Whilst there is a phone line that can be used to report death or serious health and safety incidents, standard RIDDOR reports are submitted directly through the HSE Executive website. 

There are 5 different forms to choose from depending on the nature of the event. These are:

  • Report of an injury
  • Report of a case of disease
  • Report of a flammable gas incident
  • Report of a dangerous occurrence
  • Report of a dangerous gas fitting

And it’s vital that you use the correct form.

RIDDOR forms must be detailed and include the following information:

  • The date of the recording
  • The recorder’s details, including name, job title and phone number
  • The details of the company, including name, address and email
  • Location, date and time of the incident
  • Details of the people involved, including name and job role
  • A description of the injury, illness or incident.

Depending on the nature of the event, there may be an investigation to find out what happened. Providing as much factual detail without bias helps to reduce the risk of a repeat incident or accident. 

T100 Compliance Software

There’s a way you can streamline your RIDDOR reporting process, and that’s by using compliance software.

T100 is a scalable, fully supported cloud-based compliance software that provides total control to businesses’ health and safety requirements. It can be used online or through an app on any device, and enables accidents and incidents to be managed in one place, as well as making injuries easily reportable.

What Happens If You Don’t Report Under RIDDOR?

The reporting of injuries, diseases and dangerous occurrences in the workplace is serious. By failing to report qualifiable workplace incidents and accidents, employers are breaking the law.

What happens when you don’t report RIDDOR depends on the seriousness of the event or incident. The courts can dish out prison sentences of up to 2 years for the responsible person and an unlimited fine for the business.

In 2011, Tesco was fined £34,000 for failing to comply with RIDDOR legislation after admitting to not following the reporting procedures at two of its UK stores. 

RIDDOR Holds Employers Responsible For Health And Safety

RIDDOR legislation is integral to maintaining good health and safety practices in the workplace because it holds employers accountable for negligence or bad working behaviours.

When you ensure recording and reporting incidents is an essential part of your process, this encourages your people to follow health and safety procedures and, in turn, prevent accidents. Envesca runs a comprehensive IOSH Managing Safely course that delivers everything you need to know about managing health and safety within your workplace effectively.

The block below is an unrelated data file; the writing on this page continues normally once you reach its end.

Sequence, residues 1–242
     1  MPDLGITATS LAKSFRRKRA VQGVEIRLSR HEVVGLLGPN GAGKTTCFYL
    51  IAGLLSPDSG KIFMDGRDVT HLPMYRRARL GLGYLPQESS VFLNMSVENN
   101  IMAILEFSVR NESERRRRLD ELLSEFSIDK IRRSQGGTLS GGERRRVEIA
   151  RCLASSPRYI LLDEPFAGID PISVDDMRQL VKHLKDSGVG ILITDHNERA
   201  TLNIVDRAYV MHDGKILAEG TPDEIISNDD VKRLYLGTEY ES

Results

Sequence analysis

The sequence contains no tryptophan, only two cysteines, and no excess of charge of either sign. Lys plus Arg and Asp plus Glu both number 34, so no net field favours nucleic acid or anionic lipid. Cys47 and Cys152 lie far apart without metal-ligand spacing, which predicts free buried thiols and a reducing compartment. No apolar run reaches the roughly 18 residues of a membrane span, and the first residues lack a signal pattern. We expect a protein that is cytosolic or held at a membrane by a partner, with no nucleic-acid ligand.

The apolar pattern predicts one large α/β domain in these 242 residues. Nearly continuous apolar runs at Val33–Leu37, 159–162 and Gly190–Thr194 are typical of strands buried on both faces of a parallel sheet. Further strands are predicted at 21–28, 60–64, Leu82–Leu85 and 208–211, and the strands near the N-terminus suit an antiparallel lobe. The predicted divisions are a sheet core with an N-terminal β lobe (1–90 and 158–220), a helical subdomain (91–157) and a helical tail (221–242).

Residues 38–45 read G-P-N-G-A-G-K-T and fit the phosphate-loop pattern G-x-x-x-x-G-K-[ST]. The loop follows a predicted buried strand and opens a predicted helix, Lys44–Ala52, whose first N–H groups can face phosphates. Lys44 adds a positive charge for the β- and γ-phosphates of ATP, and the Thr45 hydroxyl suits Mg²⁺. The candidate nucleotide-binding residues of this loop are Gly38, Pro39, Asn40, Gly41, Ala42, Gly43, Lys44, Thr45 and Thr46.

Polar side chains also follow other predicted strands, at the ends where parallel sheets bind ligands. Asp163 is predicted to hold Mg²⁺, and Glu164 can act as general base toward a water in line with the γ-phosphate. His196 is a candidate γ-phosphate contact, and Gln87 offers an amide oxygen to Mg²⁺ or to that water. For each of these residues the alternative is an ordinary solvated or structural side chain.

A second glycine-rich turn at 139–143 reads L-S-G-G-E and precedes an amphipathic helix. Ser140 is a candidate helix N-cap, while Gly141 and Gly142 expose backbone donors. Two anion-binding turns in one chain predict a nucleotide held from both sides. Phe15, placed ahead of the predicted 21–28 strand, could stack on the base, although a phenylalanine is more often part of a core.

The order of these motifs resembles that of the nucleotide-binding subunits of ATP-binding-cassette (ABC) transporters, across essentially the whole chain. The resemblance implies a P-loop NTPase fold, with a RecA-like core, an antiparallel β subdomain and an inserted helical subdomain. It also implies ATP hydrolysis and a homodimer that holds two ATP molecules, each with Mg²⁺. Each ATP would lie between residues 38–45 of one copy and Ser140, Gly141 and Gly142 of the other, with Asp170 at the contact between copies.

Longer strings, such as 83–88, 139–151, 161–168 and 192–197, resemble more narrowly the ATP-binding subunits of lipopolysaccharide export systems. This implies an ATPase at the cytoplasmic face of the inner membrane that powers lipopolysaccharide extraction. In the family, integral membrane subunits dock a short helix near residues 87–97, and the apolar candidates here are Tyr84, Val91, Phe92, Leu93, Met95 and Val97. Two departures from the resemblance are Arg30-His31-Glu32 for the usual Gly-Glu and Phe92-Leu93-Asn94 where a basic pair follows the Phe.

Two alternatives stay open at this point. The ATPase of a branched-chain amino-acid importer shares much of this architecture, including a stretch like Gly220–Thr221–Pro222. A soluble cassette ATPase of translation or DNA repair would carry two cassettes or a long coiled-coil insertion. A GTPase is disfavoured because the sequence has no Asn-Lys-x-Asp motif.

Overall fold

Looking for training courses both in-house and online? How about consultancy services? Get in touch with us today to find out how we can help. 

Find this helpful?

Signup to our email notifications to receive alerts when we publish new blogs. We promise not to spam your inbox, you will just get a short snappy intro to Health and Safety articles we think you will love.

"*" indicates required fields

This field is for validation purposes and should be left unchanged.

If you’ve got a question or query, please contact our super friendly team, they will be delighted to help you!

Simply get in touch via phone or email.
free resources download

Resources &

Informative. Useful. Practical.

Here at Envesca we believe that we are good at giving proactive, sensible and useful advice. Below you will find some free resources that you can download on a host of subjects that will help you and your business.

Training Available

Envesca offer a number of different training courses, which offer advice and guidance on these topics.

Share this article with your social Community.

Course Enquiry

To discuss your specific needs and how we can help, simply fill in the form below and we’ll be in touch.

"*" indicates required fields

This field is for validation purposes and should be left unchanged.